6 Replies - 747 Views - Last Post: 29 August 2012 - 08:30 PM
Replies To: Thinking
Posted 27 August 2012 - 08:59 AM
None, because no book will do the work. You learn to think like a programmer by writing programs.
All, because each of them has some piece of the truth that you're after, and working through the material in any one of them will get you closer.
Depending on what you want, there are some classics to look for. Knuth's TAOCP is difficult, but very complete. If you can work your way through the existing volumes, you'll know more than you do today. Ableson and Sussman's SICP is quite effective, especially if you work through the MIT course. The Nature of Computation is a more recent textbook that addresses the issues of computation without reference to specific languages, it's quite good.
However, there are far too many books - listing them would be inane. Find a topic that you want to know more about, get hold of a likely-looking book, and read through it. Apply the material you find there, figure out what questions that material has created for you, and pursue those questions. Repeat for the rest of your life. Die smart and happy.
Posted 27 August 2012 - 10:06 PM
A must read.
On the subject of books, don't put too much stock into just books (this coming from the man who has a mini-library at home...) Unless you go out and do things you won't ever get it. There's a large scale difference between a test monkey and someone who can actually perform in the real world. Sure, shock someone enough and force them to do something repeatedly and they'll remember it for a while, but it never does much good unless they find it themselves.
Consequentially this is the same issue I have with students fresh out the doors. They don't think for themselves because everything they know how to do is conditioned and regulated instead of using muse and inspiration to help them derive their own solutions.
The same can be said of any field.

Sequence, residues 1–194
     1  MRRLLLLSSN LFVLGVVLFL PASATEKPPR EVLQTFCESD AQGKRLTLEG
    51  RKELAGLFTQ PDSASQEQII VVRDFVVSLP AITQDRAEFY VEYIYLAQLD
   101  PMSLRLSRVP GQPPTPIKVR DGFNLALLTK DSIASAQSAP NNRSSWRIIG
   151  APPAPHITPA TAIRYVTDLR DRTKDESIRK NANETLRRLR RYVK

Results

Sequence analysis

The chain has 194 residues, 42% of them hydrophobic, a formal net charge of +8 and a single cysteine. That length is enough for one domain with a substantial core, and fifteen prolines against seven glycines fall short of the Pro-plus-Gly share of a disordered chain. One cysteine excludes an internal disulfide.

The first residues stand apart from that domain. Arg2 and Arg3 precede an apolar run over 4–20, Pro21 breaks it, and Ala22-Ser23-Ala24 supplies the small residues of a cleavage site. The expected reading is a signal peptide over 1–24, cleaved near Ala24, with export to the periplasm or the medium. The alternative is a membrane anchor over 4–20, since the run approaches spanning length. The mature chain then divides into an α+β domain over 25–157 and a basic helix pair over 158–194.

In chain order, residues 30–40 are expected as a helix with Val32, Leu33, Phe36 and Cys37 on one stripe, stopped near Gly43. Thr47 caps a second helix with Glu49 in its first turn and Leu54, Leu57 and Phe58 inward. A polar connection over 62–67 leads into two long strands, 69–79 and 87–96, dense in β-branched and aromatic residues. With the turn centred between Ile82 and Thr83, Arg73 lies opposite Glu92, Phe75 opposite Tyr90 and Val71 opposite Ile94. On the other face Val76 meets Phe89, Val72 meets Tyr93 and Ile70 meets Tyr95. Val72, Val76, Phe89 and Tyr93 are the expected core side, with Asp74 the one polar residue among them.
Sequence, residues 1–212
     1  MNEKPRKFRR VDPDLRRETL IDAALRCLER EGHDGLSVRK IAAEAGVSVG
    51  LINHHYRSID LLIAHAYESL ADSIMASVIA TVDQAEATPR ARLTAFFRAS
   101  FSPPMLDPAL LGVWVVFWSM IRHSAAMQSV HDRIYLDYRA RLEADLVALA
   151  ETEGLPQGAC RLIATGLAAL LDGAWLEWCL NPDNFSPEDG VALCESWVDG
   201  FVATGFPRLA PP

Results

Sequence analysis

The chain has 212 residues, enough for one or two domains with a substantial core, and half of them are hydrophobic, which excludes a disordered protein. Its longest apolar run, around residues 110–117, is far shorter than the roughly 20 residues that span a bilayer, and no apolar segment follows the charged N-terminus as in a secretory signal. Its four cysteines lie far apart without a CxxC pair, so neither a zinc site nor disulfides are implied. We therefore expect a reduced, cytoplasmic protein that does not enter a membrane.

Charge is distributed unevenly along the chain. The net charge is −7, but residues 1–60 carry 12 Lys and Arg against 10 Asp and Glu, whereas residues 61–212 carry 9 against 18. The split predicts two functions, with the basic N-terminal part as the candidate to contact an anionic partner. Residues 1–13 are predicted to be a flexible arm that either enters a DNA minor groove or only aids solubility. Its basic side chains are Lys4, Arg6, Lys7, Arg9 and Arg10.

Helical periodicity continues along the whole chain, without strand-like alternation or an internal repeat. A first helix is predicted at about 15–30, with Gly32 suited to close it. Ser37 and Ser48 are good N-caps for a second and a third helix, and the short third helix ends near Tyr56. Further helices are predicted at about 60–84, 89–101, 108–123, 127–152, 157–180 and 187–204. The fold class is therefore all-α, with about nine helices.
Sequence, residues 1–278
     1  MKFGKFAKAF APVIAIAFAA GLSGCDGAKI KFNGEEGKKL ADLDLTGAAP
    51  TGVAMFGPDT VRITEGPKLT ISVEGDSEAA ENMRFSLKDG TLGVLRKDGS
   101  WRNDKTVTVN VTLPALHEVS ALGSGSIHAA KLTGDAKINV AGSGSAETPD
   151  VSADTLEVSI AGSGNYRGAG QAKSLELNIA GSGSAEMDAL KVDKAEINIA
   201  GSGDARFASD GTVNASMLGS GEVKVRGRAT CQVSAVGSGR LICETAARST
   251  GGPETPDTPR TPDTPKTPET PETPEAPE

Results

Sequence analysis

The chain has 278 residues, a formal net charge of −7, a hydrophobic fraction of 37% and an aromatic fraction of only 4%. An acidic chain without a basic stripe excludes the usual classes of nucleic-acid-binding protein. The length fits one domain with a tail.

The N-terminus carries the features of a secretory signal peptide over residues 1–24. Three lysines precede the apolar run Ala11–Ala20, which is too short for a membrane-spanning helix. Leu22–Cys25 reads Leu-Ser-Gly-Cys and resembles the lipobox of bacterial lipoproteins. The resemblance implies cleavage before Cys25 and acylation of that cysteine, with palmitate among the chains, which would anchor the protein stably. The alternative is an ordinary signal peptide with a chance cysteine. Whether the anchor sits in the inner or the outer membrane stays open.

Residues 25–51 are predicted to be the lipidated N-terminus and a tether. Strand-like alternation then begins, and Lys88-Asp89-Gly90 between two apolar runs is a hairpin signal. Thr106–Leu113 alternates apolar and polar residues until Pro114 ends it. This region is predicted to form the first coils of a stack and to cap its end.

A bad teacher is one that would force you to work only textbook problems on repeat with a dry explanation and some notes or a powerpoint. A good teacher won't tell you the entire puzzle, they'll give you just enough pieces and set you on your way while supporting you. There's a large scale difference between coddling and assisting, be sure not to cross that line as a teacher.
Now, a bad student is one who relies on the teacher, who believes that everything the teacher says is law. A good student takes it with a grain of salt, goes out and experiments beyond homework, and seeks to learn more instead of just accepting and settling.
You can always tell the students who don't want anything more than money and a good desk job, they do amazing on tests and can court a teacher any day of the week. Personally, I'm more interested in that crazy kid in the back hacking together a server or trying some open source projects.
Posted 28 August 2012 - 12:08 AM
Posted 29 August 2012 - 05:18 PM
An algorithms book will help you think like a programmer. You can also just constantly work on projects. It comes down to experience really. I would say the key concept that any decent programmer is concerned with is efficiency.
Posted 29 August 2012 - 08:30 PM
That's true, but you might not be thinking it through all the way. Remember that developer time and development time are both limited resources, and often more sharply limited than CPU time or heap space. Efficiency of development - knowing when to stop optimizing and knowing how to write code that doesn't waste maintainers' time - is at least as important as efficiency of execution, and generally much more so.
This is not to say that studying algorithms isn't important - it is, and it's also fun - but shaving cycles for the sake of shaving cycles is generally not a road to efficency in the real world.